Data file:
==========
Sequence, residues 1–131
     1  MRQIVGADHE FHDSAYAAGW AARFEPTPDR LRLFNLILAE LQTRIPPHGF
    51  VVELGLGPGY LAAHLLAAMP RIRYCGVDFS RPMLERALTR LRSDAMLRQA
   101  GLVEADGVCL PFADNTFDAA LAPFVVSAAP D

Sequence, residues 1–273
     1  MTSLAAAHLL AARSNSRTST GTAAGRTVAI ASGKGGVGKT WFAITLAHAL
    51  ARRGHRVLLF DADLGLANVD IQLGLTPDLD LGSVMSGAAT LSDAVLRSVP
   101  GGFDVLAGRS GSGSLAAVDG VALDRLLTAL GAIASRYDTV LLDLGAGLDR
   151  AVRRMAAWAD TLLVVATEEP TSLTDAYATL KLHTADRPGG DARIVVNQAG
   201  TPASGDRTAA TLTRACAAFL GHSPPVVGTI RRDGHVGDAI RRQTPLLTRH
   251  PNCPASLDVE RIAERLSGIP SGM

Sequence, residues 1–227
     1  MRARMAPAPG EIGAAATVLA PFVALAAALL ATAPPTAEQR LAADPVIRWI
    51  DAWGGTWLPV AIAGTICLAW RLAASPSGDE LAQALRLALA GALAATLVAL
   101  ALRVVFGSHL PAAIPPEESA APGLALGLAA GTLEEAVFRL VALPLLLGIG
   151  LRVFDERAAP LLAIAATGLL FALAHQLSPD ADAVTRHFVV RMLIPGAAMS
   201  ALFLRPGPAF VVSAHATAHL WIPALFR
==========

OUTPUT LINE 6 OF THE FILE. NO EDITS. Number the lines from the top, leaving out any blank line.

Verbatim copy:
     1  MTSLAAAHLL AARSNSRTST GTAAGRTVAI ASGKGGVGKT WFAITLAHAL